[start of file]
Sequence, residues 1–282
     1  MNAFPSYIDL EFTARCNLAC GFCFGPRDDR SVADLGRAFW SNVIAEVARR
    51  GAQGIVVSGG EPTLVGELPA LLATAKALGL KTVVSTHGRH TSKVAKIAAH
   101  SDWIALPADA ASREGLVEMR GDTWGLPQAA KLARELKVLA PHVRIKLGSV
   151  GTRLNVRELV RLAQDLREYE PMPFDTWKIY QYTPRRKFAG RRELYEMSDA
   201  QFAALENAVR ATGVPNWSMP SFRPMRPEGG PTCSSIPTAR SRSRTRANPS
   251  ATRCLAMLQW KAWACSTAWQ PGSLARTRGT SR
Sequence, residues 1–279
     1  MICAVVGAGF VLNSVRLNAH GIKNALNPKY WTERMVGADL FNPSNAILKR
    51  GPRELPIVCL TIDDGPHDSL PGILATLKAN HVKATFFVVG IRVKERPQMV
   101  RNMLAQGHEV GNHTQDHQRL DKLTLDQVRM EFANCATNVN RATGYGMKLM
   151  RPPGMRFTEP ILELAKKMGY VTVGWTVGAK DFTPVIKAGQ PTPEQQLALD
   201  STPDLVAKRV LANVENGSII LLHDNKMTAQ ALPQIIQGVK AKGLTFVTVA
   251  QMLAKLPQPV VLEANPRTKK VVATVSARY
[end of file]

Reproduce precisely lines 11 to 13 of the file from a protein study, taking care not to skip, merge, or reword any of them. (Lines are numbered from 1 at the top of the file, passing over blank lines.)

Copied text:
   101  RNMLAQGHEV GNHTQDHQRL DKLTLDQVRM EFANCATNVN RATGYGMKLM
   151  RPPGMRFTEP ILELAKKMGY VTVGWTVGAK DFTPVIKAGQ PTPEQQLALD
   201  STPDLVAKRV LANVENGSII LLHDNKMTAQ ALPQIIQGVK AKGLTFVTVA